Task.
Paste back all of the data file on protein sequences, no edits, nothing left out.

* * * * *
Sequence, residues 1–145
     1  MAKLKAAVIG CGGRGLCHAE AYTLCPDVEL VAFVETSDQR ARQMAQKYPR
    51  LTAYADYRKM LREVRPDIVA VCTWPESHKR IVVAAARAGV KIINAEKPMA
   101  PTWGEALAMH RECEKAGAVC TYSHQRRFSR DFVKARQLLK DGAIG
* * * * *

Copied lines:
Sequence, residues 1–145
     1  MAKLKAAVIG CGGRGLCHAE AYTLCPDVEL VAFVETSDQR ARQMAQKYPR
    51  LTAYADYRKM LREVRPDIVA VCTWPESHKR IVVAAARAGV KIINAEKPMA
   101  PTWGEALAMH RECEKAGAVC TYSHQRRFSR DFVKARQLLK DGAIG